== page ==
50 years after the march
Those of us who were in the nation's capital on that glorious summer day of August 28, 1963 were overwhelmed not only by the huge turnout estimated at 200,000 souls or more. The peaceful and even joyous mood of the mixed-race crowd cast off spoken and unspoken fears of that day that it might end in riot and bloodshed.
Pentagon at the time, I was exiled across the Potomac and obliged to watch via television. A jam-packed audience lining both sides of the Lincoln Memorial's long pool stretching almost to the Washington Monument stood mesmerized by the speech and the moment.
Another television observer of the historic day was President John F. Kennedy, keeping a respectful -- and politically comfortable -- distance from the actual site. He and his White House political aides were uncertain and ambiguous about the march itself, and how it might affect Kennedy's bid for his civil rights legislation before Congress.
Although the Lincoln Memorial was only a few minutes' limousine ride away, Kennedy chose to stay away from what turned out to be one of the most celebrated events in the city's history. After the speeches and meeting briefly with civil rights leaders at the White House, he issued a statement rather mildly observing that the event's participants "deserve our appreciation for the detailed preparations that have made it possible for the orderly manner in which it has been conducted."
Kennedy noted that "although this summer has seen remarkable progress in translating civil rights from principles into practices, we have a very long way yet to travel." He added that "one cannot help but be impressed with the deep fervor and the quiet dignity" that characterized the march. He pledged to continue his efforts to increase unemployment and end discrimination among all those still called Negroes in common and official discourse.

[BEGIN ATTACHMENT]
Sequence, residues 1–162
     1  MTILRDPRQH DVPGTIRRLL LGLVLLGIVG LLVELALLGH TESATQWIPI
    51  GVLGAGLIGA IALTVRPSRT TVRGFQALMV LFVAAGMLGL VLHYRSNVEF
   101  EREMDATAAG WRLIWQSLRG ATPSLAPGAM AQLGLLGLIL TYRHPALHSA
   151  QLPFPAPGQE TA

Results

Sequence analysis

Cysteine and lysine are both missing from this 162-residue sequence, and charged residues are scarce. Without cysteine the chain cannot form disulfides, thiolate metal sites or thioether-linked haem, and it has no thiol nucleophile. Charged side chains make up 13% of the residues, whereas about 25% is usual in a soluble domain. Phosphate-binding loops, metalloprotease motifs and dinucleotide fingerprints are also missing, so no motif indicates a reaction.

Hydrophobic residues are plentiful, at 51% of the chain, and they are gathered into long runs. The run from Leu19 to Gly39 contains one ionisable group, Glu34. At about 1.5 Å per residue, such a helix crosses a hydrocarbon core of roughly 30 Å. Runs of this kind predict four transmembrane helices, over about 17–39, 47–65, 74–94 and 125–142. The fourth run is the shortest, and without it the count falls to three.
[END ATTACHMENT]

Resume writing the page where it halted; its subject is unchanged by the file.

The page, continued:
But Kennedy's physical absence from the event also spoke to his cautious approach to the potentially explosive issue of civil rights, which three months later was interrupted by his assassination in Dallas. Ironically, that tragic event produced the elevation to the presidency of Lyndon Johnson of Texas, a son of the South, with unpredictable consequences.
But Johnson, whose vice presidency was marked by uneasiness and even ridicule among the JFK staff and particularly on the part of brother Robert, the attorney general, soon picked up John Kennedy's civil rights bill. In memorably urging Congress to "let us continue," he brought the 1964 Civil Rights Act into being as a cornerstone of achieving King's dream.
In one of American history's most fateful turns, King himself was assassinated in the course of a labor strike in Memphis in 1968, followed only weeks later by the assassination of Robert Kennedy as he sought the presidency to recapture the office from what many Kennedyites regarded as LBJ's usurpation.
King himself provided the ultimate irony in his final speech the night before he was gunned down in Memphis, prophetically observing of his "dream": "I don't know what will happen now, but it really doesn't matter with me now. Because I've been to the mountaintop. I won't mind. Like anybody, I would like to live a long life. Longevity has its place. But I'm not concerned about that now. I just want to do God's will. And he's allowed me to go up to the mountain. And I've looked over, and I've seen the promised land."
Fifty years after he first spoke of that dream, a memorial to King stands not far from the site of that speech. It is in part in recognition of the triumph of the nonviolence he preached and practiced -- with the ultimate support of John Kennedy and then Lyndon Johnson, and a reluctant nation that eventually bought into the dream of racial coexistence, if not yet perfect harmony.
(Jules Witcover's latest book is "Joe Biden: A Life of Trial and Redemption" (William Morrow). You can respond to this column at firstname.lastname@example.org.)